Clarets muddling along in mid-table

By October 18, 2011 Burnley, Championship 2 Comments

Looking at the league table suggests a solid start to the 2011/12 season for Burnley – three wins, three draws and four defeats, with a comfortable mid-table position, and a place in the League Cup 4th round after home wins over lower league opposition to boot. However the stats do not reflect what has already been a very up-and-down season, with some excellent and some horrendous performances, some excellent points against tough opposition coupled with points dropped to some of the league’s weaker sides, and some decent transfer business tallied against some very disappointing departures. Burnley fans could be forgiven for finding it very hard to assess the team, manager and season thus far.

My pre-season expectations were hampered by the sales of key players like Mears, Eagles and Fox, without proper replacements being brought in, and nothing suggested to me that our rather threadbare squad was likely to improve on last year’s 8th place finish. Disappointing results against some of the division’s weaker sides (one point from games against Watford, Crystal Palace and Peterborough) exposed major weaknesses, particularly in the centre of defence, where the burden of expectation has been seemingly too much for Manchester City loanee Ben Mee, and in the middle of midfield, where Dean Marney in particular seems far too limited to be an effective part of a two man midfield. The performance against Middlesbrough in particular was one of the worst seen at the Turf since the days of Steve Cotterill (apologies Nottingham Forest fans), and it really did seem that we had a relegation battle on our hands.

Recent weeks have produced the best results of the season though, and on top of the excellent away win at Derby in August, a confidence-boosting point was gained against leaders Southampton, before the thumping 5-1 victory over Nottingham Forest, which really demonstrated the attacking potential in the team, particularly the exciting young trio of Charlie Austin, Jay Rodriguez and Junior Stanislas.

The pairing of David Edgar and Andre Amougou at centre-half seems to have stabilised things at the back somewhat (although both have a frightening tendency to switch off at crucial times), and one of many acquisitions from Bournemouth; Marvin Bartley, has begun to carve out a niche for himself in central midfield after red cards at Nottingham Forest and Crystal Palace hindered his progress since signing in January. A win away at Millwall just before the international break was another excellent result and, miraculously, brought our first clean sheet in twenty-four attempts; a real monkey off the back of the defence. Saturday’s game against Reading, while something of a flat performance, would even have produced a mind-blowing second clean sheet in succession, bar a ridiculously late 99th minute winner for the away side.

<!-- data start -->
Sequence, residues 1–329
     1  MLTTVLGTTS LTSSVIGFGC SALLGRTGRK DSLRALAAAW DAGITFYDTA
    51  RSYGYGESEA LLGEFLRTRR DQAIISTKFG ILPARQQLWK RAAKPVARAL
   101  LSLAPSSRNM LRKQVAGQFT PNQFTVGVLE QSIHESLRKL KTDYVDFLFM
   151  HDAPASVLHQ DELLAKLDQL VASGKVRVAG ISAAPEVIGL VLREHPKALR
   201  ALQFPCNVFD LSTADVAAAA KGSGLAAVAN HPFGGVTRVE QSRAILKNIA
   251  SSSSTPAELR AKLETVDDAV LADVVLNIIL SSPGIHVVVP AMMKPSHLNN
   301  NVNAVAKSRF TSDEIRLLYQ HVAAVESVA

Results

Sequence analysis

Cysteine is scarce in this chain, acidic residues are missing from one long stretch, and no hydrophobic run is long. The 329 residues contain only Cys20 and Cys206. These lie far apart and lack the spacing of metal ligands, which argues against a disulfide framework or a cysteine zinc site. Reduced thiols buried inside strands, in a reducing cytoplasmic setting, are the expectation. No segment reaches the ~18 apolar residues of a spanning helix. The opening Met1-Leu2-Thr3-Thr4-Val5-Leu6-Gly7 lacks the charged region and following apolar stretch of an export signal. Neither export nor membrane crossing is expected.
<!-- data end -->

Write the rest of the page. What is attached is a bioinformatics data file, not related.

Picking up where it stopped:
The club has become known for cup runs in recent seasons, and after avoiding an upset in a tricky fixture against Milton Keynes, the anti-climactic draw of Cardiff away in the fourth round should not detract from the fact that the League Cup is acting once again as a helpful distraction from the patchy league form for the fans.

This recent on-pitch success has tempered fan criticism of the board somewhat, although constant reports in the press of possible signings “next week” have become a running joke amongst Burnley fans, predictably met with (as it turns out, well-placed) cynicism. Fans are still smarting from the abrupt sale of Wembley hero Wade Elliott, pushed out of the back door despite a promise from the board that no more players would be sold (the second such promise broken this season), and the continuing lack of acquisitions is a real worry. Zavon Hines seems an able replacement for Rodriguez and Austin up front, and Stanislas, Wallace and Treacy offer options on the wings, but beyond that, the threadbare squad is a big concern. There are literally only two full-backs at the club, and Amougou or captain Chris McCann would prove very difficult to replace in central defence and midfield respectively. The spine of the Burnley team is far from complete, and the winter months will test it severely.

Fans have a tendency to get swept away in the emotion of a famous victory or a dire defeat, but the international week is an excellent time to take stock, and it seems that positives and negatives have, thus far, balanced each other out at Turf Moor. A positive or negative run before Christmas will set the focus for the rest of the season- will we be looking up the table or over our shoulders, and will the board finally back Eddie Howe in the transfer market? For myself, a mid-table squad can only ever equal a mid-table finish, but it will be fascinating to see what happens on and off the pitch between now and January. At least in the Championship, not even mid-table is dull!

Written by Tom Whittaker, We Are Going Up’s Burnley Blogger

Tom tweets at @tomclaret


  • Michael Wicks says:

    “Disappointing results against some of the division’s weaker sides (one point from games against Watford, Crystal Palace and Peterborough)”

    Watford (22nd) fair enough. But are Peterborough (10th) and – particularly – Palace (4th) some of the division’s weaker sides?

  • tomclaret says:

    Peterborough were there for the taking when we played them, and personally, yes, I feel they are one of the weaker teams in the division, despite their league position. Palace is fair comment though- I think at the time we played them, based on their position last season, we were expecting something from the game, which is reflected in that comment. Obviously it hasn’t quite gone that way!

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